Working independently, these three leaders will need a lot of courage, charisma, and luck to keep the Hrum off-balance for the months to come. The real test of whether they can win, however, will come when they finally meet in one place. Will they be able to overcome their bitter differences, and unite to realize the legend of Sorahb? This question smolders throughout the second book in the Farsala Trilogy, providing tension and cohesion to a complex tale. Originally titled Wheel, this book is the sequel to Fall of a Kingdom (a.k.a. Flame). As to how it all works out, that will be revealed in the third book, Forging the Sword.

Author Hilari Bell, a sometime librarian in the Denver area, says on her website that she specializes in "ethically ambiguous" fantasy. This claim is certainly borne out in this book, in which three patriots—none of whom has a spotless character—resist an empire that, in some ways, would be a better place to live in than the country they defend. Each of these three young heroes must consider the other side's point of view, and each other's reasons for the choices they make. Everywhere one sees good and evil mixed in subtle and thought-provoking proportions. And they always seem to find that wisdom consists in dealing honestly, reconsidering accepted way of doing things, and knowing what risks to take and not to take.

Among Bell's other titles are the "Goblin Wood" trilogy, the "Shield, Sword, and Crown" trilogy, the "Knight and Rogue" quartet, and the "Raven" duet. These and several standalone books look like attractive picks for teens and younger who enjoy adventures with swords, magic, and the occasional unicorn.

Friday, April 18, 2014

Aliens on Vacation

Aliens on Vacation
by Clete Barrett Smith
Recommended Ages: 12+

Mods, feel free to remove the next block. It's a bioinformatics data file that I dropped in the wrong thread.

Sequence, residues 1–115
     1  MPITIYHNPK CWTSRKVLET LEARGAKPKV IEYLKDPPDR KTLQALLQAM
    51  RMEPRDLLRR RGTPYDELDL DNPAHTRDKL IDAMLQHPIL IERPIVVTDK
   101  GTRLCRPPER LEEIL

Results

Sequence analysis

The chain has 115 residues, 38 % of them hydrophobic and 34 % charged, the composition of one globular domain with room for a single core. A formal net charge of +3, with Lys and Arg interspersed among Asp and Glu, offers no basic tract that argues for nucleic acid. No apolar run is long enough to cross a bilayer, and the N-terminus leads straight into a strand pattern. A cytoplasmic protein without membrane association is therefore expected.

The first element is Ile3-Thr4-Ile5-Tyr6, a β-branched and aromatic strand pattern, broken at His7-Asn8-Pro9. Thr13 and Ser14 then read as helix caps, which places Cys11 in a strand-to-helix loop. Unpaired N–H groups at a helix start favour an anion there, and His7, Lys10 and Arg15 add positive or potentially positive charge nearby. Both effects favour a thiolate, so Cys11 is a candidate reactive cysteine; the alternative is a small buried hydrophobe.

"Intergalactic Bed & Breakfast" is the name of the series, as well as the place young David "Scrub" Elliott finds himself visiting over the summer between sixth and seventh grade. It isn't that Scrub is into science fiction, so much. His main interest is basketball. He would rather be back in Florida, trading insane dares with his best friend and training for the all-star team. Instead, when his parents take off on separate business trips, he gets packed off to his grandma's crazy, retro-futuristic themed hotel in the woods of Washington. Equal parts throw-back to the hippie era and throw-up of sci-fi film cliches, the B&B seems to promise the lamest summer vacation ever. But that's before Scrub finds out that his grandma's clients are really visitors from other planets.

Grandma prefers not to call them aliens. Her term for them is tourists. For forty years, she has catered to honeymooners, hikers, and holiday-makers from across the Interplanetary Collective. The space-ships on her lawn are just for show. These tourists arrive via a system of intergalactic transporters, cleverly disguised as closets. Why do they choose Earth, of all places, as their vacation destination? Because it's a quiet, out-of-the-way spot where they aren't likely to meet other people they know. The only trouble with visiting such a primitive planet is that they have to keep their identity as space visitors secret from the natives, i.e. us. That's where Scrub comes in. His grandma puts him right to work, touching up the human disguises of the arriving tourists, and helping them orient themselves in this strange world.

At first, Scrub thinks being put to work in the B&B will be a drag on his plans for a fun summer of shooting hoops and goofing off with the local kids. But then he realizes that he's quite good at the job, and he enjoys it too. In fact, the local kids are more of a problem—they and Sheriff Tate, who is just looking for a reason to shut down Grandma's business.

It is fun to go along with Scrub as he tries to keep the aliens secret in full view of a small town, in spite of snarky teenagers, nosy neighbors, and one particularly cute girl with a freckled nose and a passion for UFO stories. Covering up extraterrestrial slips seems to get harder and harder as Scrub dances around the truth with Amy, has an intergalactic basketball shootout with the neighbor boys, and tries to keep a group of rambunctious alien boys separate from a boy scout troop during a camping trip in the woods. Through his own mistakes, he triggers an interplanetary incident that may ruin his grandma's business. Then it is up to Scrub, a boy of remarkable resourcefulness at times, to save the day.